Just because a camera is boring, doesn’t mean it’s a bad camera. The Maxxum 5000 is both boring and bad, but the EOS A2 is boring, but a solid machine that produces decent cameras. Despite looking like a Minolta, the A2 is solid in hand, excellent ergonomics in landscape orientation (more on that later), with all the controls well laid out and easy to operate even for a Nikon shooter. The camera also solves my biggest issue with Canon EOS cameras, and that is that the camera has two command dials, well one dial and one thumb wheel but it addresses the issue with manual exposure settings you now have two distinct controls for aperture and shutter. The camera operates how you would expect it to and produces fantastic images, with a great meter, and a solid line of EF lenses to back it up. And as an accessible camera the A2 shines, if you shoot a Canon digital EOS camera and have EF lenses you can grab an A2 and run with it, and it won’t let you down. It also makes for a great second fiddle to your pro body.

CCR Review 67 - Canon EOS A2

CCR Review 67 - Canon EOS A2

The Bad
Like many SLRs of the 1990s, the A2 suffers two of the biggest problems that every camera of that era does. The first being the biggest, that is the power source. The EOS A2 requires a 2CR5 6V battery to operate, and you have little else to power it. The battery is expensive and hard to find outside of specialty stores or online. And while it does last, it doesn’t make it any better. Even adding a vertical grip on the camera doesn’t help. Your only option is to get a belt mounted battery pack that takes D-Cell batteries, which is little consolation. The second issue is that the body coating gets sticky over time. While not a deal breaker, it’s more a minor annoyance especially on hot summer days your hands just feel gross after using the camera. And then there’s a vertical grip; the grip does little more than adding a vertical shutter release, but you know the camera itself could have improved its portrait orientation ergonomics, there’s plenty of room to add a vertical shutter release. And my final beef with this camera is the on/off switch. The switch is not as obvious as you might expect on first seeing the camera. There’s a switch on the back of the camera, but that controls the thumbwheel. The power is on the camera mode dial, off is the Lock position, any other spot will power on the camera.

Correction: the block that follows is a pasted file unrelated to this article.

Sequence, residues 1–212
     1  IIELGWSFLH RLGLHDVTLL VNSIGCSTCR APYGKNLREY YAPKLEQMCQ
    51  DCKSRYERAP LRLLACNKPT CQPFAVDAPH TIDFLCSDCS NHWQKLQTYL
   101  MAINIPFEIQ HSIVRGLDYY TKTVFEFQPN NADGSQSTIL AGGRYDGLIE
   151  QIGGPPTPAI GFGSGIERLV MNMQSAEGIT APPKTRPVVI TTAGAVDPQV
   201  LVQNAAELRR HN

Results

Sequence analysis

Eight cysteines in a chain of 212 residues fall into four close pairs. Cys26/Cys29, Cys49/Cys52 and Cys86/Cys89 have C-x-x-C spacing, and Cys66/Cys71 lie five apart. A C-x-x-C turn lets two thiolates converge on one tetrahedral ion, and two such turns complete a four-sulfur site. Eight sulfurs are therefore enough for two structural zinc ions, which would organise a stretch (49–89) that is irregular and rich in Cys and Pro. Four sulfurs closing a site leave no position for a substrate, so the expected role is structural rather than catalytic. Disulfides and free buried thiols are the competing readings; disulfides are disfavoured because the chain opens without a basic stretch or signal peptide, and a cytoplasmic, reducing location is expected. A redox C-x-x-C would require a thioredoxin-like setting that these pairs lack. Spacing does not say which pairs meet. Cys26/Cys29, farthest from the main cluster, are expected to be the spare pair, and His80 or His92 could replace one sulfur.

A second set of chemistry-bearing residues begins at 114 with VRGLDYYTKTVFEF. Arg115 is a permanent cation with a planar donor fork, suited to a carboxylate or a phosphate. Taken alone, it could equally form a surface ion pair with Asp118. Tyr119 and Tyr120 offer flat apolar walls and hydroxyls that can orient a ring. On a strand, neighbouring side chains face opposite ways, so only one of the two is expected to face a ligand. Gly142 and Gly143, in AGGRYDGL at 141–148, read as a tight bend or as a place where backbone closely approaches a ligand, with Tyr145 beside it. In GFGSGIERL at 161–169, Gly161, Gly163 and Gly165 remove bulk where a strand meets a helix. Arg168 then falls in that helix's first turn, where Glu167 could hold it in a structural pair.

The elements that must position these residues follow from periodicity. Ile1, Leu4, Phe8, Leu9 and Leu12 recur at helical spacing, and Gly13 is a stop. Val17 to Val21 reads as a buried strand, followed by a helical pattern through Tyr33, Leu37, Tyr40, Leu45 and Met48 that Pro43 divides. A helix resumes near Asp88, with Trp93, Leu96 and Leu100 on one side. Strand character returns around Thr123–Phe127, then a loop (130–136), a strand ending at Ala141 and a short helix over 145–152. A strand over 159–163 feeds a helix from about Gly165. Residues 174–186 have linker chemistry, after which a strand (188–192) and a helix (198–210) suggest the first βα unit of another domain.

CCR Review 67 - Canon EOS A2

CCR Review 67 - Canon EOS A2

The Lowdown
If you’re looking for something a little better than a basic SLR than the EOS A2 is a solid choice. It makes for an accessible camera for those who want something with a bit more functionality or only need a backup EF mount body. It will deliver but don’t expect anything more out of the camera. Compared to other cameras of this mid-range, semi-pro line, the A2 is a ho-hum choice. But at least compared to another K-Car camera, the Maxxum 5000, the A2 shines. I will mention the difference between the EOS A2 and the EOS 5, while essentially the same camera, the A2 lacks a solid meter readout in the viewfinder, relying on a simple +/- display while the EOS 5 has a full numbered over/under stops. This difference is because Canon didn’t pay for a patent of such a meter in North America, while that wasn’t an issue in Japan and Europe. Personally having this function would make the A2 just a touch better in my mind. At least the EF Mount lenses compensate for any dull operation of the camera.

All Photos Taken At Crawford Lake Conservation Area in Milton, Ontario, Canada
Canon EOS A2 – Canon Zoom Lens EF 28-105mm 1:3.5-4.5 – Efke KB100 @ ASA-100 – Kodak D-23 (Stock) 7:45 @ 20C

Exploring the Kitchen – Poffertjes

Exploring the Kitchen – Poffertjes

As many may have guessed based on my last night my heritage is Dutch, in fact, my mother was born in a small town on the cost of the North Sea. So it’s only fair that I add a bit of international flavor to my cooking. The ironic part is that I tend to lean more towards Asian style dishes, but not this time around. I give you Poffertjes, or as the French cafe my wife and I went to in New York City on our Honeymoon called them…Mini Dutch Pancakes.

Ingrediants

  • 350mL (1.5 cups) – Luke Warm Milk
  • 250g (1 heaping cup) – All Purpose Flour
  • 2tbs – Sugar
  • 7g – Dry Active Yeast
  • A Pinch of Salt
  • 1 Egg

Before continuing you will need to invest in a Poffertjes Pan, they’re easy to find at a local Dutch Store, I picked up mine at the store in Acton, Ontario (71 Mill St E, Acton, ON). There are also ones in Burlington and Guelph. Or you can always pick one up on Amazon.

Process
Heat up the milk until lukewarm; I used a microwave to do this. Set the power level to 70% and time for 2.5 minutes, stop and stir every 30 seconds or so. Once warmed, whisk in the yeast and the sugar and let stand for five minutes.

Using a stand mixer bowl, add the flour and salt. Then using your mixer’s whisk attachment (or do this by hand), whisk in the egg along with the yeast and milk mixture. Continue to whisk until you have a smooth batter. If it’s too runny, just add a touch of flour until it thickens up a bit. Then let it rest for an hour under a damp cloth to allow it to rise. If you’re making this for breakfast, now is a good time to go and cuddle with your SO.